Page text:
What to Do if You Suspect Insurance Bad Faith

By on 8-05-2013 in Insurance Bad Faith

Americans rely on their insurance companies to negotiate claims in good faith, making sure that insured people receive correct compensation for any damage that is covered by their policy. However, when insurance companies refuse to investigate damaged property, such as a house or a vehicle, or claim that the damage is not covered under a policy, the insurance adjuster may be acting in bad faith.

According to the website of insurance attorneys from Dallas, TX, Smith Kendall, PLLC, insurance companies across the country attempt to save money by cutting corners, taking extended periods of time to reach a settlement, or leaving homeowners without a settlement until they are forced to fix their properties themselves. In the event of a natural disaster, such as a hurricane, insurance companies might be unwilling to hold up to their end of the bargain.

If you believe an insurance company is acting in bad faith, you may want to put your grievances into writing and send the letter to your adjuster. Sometimes an accusation of bad faith will spur an insurance company into changing their position and providing correct compensation for the damages. Insurance companies that adopt aggressive positions toward claimants can often bully their customers into under-settling or giving up completely on their claim. Don’t allow insurance companies to prevent you from receiving due compensation.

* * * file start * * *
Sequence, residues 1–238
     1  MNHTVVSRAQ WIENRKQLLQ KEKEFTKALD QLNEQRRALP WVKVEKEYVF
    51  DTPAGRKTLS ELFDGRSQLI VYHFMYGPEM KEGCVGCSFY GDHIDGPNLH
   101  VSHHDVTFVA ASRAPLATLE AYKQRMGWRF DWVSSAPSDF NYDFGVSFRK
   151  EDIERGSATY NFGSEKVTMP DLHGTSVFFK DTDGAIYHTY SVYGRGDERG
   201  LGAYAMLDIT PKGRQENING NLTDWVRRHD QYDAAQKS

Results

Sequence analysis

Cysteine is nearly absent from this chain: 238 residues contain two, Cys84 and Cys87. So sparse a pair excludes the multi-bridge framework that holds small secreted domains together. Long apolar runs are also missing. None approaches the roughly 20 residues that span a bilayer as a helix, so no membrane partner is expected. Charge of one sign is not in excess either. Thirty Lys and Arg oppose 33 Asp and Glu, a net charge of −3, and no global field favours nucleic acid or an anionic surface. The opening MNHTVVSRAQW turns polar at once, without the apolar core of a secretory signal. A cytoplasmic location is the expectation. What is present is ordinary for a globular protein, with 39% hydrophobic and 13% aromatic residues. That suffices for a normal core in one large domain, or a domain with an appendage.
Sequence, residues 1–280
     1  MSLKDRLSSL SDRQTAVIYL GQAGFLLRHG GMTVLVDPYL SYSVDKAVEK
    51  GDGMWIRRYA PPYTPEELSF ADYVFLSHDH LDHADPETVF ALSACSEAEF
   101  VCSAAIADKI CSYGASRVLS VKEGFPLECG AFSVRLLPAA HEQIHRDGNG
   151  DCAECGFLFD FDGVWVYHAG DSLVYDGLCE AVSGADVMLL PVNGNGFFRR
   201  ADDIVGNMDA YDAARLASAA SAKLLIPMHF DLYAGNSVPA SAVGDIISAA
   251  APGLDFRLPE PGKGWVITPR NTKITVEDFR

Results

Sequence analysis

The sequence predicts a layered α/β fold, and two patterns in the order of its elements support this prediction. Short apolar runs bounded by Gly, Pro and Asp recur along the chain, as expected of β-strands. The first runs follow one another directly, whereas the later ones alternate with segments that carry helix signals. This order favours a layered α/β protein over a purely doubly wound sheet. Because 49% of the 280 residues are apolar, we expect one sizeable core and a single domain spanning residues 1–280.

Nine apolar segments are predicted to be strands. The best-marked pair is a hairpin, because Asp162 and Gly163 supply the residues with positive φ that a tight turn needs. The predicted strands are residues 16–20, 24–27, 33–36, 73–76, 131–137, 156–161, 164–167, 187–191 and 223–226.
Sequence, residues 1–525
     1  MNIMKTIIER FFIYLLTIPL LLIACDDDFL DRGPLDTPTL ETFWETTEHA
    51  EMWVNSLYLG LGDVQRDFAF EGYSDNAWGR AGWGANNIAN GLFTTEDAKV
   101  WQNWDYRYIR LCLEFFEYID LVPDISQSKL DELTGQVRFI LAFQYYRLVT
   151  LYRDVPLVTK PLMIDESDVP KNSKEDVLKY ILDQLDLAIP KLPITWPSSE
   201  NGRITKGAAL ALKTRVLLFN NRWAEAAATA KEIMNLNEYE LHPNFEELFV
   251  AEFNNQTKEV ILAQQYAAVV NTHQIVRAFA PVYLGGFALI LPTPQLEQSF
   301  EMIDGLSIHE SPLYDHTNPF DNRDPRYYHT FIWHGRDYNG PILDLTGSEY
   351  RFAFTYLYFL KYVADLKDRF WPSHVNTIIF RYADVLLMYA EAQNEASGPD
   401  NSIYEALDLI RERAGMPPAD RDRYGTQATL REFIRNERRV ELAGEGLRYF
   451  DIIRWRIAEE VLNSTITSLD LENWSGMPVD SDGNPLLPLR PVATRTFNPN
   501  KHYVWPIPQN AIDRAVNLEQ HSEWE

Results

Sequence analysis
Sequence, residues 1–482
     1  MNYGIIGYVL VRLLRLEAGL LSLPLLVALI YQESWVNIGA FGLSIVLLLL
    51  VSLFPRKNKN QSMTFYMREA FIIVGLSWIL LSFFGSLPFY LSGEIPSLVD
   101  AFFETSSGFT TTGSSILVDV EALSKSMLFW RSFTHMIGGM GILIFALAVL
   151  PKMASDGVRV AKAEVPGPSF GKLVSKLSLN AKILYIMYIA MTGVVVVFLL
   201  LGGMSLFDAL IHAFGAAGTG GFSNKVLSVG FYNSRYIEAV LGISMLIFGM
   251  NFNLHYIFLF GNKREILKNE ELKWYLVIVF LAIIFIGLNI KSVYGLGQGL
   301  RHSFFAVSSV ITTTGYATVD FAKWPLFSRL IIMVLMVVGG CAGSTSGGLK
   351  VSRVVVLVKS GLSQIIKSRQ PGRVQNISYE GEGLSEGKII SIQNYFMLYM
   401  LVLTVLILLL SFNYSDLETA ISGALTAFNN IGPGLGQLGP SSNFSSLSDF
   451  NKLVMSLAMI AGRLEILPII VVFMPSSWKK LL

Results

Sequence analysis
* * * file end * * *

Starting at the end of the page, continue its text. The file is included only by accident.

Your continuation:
Winning a bad faith lawsuit, especially against a large insurance company, is a very difficult prospect. If your insurance company has been acting in bad faith, you should broach the issue with your adjuster to see if the company will change its position and award you a settlement. If the letter fails, you may wish to contact an attorney experienced in bad faith lawsuits who can help you win punitive damages in court as recompense.

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